By Henlee Barnette
Thursday, January 01, 2004
"The grass withers, the flower fades, but the word of our God endures forever." (
Isaiah, the prophet, spoke to a world similar to ours. Crime was rampant; despair and fear prevailed; angst and a longing for certainty filled the hearts of the people; moral confusion blinded the political and spiritual leadership to reality. They called "evil good and good evil," put darkness for light and light for darkness, bitter for sweet and sweet for bitter" (
In the midst of this crisis came God with the good news of comfort, forgiveness and restoration. God's promises are true and enduring. Above all the change, confusion and chaos stands God's Word. Because we have an "unchanging Word of God in a changing world."
Through the centuries critics have chipped away at the Bible to little avail. Voltaire, atheist French philosopher who died in 1778, declared: "If we would destroy the Christian religion, we must first destroy the Bible." He declared that the Bible would soon become obsolete and forgotten.
Since Voltaire's dire prediction more than two hundred years ago the Bible has had an incredible career. Why does the Word of God survive?
1. It is God-Breathed. Paul, the Apostle, declares that "Every Scripture (Old Testament, later applied to New Testament) God-breathed is useful for teaching, for discipline and correcting error" (
As to the method of God-breathing Scripture there is much debate among theologians. According to Peter "holy men of God spoke as they were moved by the Holy Ghost." (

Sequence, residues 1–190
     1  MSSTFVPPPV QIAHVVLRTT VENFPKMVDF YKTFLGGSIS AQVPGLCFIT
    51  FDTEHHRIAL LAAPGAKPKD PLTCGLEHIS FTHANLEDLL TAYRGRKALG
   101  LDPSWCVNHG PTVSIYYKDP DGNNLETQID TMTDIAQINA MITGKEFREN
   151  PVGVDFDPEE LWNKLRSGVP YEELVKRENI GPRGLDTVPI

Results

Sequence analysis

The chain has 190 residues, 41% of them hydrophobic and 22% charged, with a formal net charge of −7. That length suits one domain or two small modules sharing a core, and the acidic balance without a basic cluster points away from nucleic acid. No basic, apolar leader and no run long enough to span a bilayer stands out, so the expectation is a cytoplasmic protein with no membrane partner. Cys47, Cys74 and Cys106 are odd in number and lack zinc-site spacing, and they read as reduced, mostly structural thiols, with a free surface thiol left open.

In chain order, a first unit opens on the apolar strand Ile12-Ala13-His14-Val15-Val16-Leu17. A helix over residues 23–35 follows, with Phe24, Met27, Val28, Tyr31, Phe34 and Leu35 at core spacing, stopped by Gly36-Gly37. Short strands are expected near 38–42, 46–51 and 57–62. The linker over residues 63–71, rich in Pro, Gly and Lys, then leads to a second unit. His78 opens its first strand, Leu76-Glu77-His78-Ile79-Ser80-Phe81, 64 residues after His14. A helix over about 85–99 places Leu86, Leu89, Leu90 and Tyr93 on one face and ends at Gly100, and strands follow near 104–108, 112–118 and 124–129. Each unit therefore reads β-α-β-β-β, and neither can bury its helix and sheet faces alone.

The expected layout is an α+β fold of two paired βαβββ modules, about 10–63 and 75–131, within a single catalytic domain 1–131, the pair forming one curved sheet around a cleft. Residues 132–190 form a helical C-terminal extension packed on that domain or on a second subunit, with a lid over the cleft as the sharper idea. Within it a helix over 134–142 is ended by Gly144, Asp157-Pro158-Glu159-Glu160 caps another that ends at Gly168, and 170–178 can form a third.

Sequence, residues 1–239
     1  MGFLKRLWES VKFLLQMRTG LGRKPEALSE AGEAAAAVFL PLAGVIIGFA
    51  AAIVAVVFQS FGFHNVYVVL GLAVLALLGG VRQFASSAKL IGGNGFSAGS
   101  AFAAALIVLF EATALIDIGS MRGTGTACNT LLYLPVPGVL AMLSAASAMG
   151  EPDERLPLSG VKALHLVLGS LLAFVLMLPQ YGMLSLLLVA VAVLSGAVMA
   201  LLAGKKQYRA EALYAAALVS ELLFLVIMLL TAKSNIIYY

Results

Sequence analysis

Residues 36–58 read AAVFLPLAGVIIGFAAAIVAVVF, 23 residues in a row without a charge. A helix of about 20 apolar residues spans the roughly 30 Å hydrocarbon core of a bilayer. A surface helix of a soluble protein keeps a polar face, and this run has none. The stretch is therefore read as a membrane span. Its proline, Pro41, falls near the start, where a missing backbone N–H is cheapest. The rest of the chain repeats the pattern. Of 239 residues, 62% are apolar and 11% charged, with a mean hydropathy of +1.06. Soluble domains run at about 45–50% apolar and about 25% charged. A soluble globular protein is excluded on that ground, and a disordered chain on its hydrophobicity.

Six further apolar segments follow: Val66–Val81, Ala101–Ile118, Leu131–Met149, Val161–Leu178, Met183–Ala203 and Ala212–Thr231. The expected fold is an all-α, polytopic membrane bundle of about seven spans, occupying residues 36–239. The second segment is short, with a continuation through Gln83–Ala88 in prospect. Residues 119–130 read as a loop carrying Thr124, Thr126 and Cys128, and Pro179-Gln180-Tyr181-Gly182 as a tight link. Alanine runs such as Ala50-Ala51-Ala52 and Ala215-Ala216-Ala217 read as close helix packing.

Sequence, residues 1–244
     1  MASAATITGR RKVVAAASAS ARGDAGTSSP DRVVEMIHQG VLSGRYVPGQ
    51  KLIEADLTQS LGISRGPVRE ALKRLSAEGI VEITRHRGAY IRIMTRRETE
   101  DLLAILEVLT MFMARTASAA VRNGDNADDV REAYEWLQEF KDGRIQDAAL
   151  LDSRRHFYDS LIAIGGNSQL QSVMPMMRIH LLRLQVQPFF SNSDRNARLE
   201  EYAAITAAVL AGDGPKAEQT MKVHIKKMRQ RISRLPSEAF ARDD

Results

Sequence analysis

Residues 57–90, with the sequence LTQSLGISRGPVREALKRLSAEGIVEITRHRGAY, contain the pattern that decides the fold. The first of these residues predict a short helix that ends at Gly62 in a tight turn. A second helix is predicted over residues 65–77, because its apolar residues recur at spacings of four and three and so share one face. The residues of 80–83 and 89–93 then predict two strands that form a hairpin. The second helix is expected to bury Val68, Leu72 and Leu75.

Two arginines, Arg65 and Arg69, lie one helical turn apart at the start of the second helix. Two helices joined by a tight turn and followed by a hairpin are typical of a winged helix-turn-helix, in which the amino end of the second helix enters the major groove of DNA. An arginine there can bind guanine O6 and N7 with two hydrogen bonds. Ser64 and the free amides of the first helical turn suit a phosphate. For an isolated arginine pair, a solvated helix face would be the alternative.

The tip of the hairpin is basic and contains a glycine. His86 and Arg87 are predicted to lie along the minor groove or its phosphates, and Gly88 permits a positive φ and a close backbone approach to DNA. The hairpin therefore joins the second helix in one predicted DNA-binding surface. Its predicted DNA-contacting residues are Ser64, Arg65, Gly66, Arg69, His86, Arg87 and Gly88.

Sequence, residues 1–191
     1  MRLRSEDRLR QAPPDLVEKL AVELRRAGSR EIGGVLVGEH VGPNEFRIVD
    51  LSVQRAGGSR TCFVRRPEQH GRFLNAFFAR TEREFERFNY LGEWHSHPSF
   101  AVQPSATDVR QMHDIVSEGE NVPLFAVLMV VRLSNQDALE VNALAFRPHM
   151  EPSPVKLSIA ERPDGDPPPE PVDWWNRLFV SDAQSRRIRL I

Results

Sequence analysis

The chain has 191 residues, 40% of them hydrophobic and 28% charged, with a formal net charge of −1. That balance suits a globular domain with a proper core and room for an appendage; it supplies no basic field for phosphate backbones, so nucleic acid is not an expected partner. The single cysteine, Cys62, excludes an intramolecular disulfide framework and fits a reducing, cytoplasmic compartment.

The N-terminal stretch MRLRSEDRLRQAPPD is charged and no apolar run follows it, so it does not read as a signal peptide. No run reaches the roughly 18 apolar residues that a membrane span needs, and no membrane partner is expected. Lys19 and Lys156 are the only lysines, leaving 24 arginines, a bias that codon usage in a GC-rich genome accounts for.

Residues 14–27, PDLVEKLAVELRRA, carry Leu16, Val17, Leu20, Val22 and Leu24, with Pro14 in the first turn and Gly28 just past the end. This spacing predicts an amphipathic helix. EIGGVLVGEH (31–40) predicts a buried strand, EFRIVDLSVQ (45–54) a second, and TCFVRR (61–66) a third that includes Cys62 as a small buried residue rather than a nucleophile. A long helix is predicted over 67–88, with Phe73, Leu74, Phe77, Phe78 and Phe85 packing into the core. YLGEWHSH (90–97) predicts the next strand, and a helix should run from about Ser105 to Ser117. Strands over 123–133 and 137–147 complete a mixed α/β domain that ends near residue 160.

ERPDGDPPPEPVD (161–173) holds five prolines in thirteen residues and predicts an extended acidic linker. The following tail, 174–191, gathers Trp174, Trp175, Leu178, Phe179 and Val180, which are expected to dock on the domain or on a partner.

2. The Bible endures because lives are transformed by reading its witness to Christ. Reading just the book of Romans, some of the great persons of the church experienced the amazing and transforming grace of God. Augustine (354-430) heard a voice, "Take up and read. Take up and read." So he took up the book of Romans, opened it and read the first chapter. He saw: "Not in rioting and drunkenness, not in chambering and wantonness, not in strife and envying; but put ye on the Lord Christ, and make no provision for the flesh and its concupiscences." Then Augustine describes his transforming experience: "instantly with the end of the sentence, as by a clear and constant light infused into my heart, the darkness of all former doubts was driven away." (The Confessions of St. Augustine, p. 216-17.)
Other great theologians influenced by studying Romans were Martin Luther who discovered in Romans that salvation was not achieved by works but by faith. "The just shall live by faith." (
John Wesley, founder of Methodism, came to America as a missionary in 1735. Soon after reaching Savannah, Georgia Wesley met Bishop Spangenberg, leader of the Moravians in America who asked him: "Do you know Jesus Christ?" Wesley answered: "I know He is the Savior of the World." Said Spangenberg "True, but do you know He has saved you?" As a missionary Wesley was not very successful and was in ill health. So he returned to England. At a meeting of an Anglican society in London, he heard someone read Luther's preface to the Commentary on Romans. He recorded a transforming experience: "About a quarter before nine, while he (Luther) was describing the change which God works in the heart through faith in Christ, I felt my heart strangely warmed. I felt I did trust in Christ, Christ alone, for salvation; and an assurance was given to me, that He had taken away my sins, even mine, and saved me from the law of sin and death." (Williston Walker, A History of the Christian Church, New York: Charles Scribner's Sons, 1926, pp. 511-13)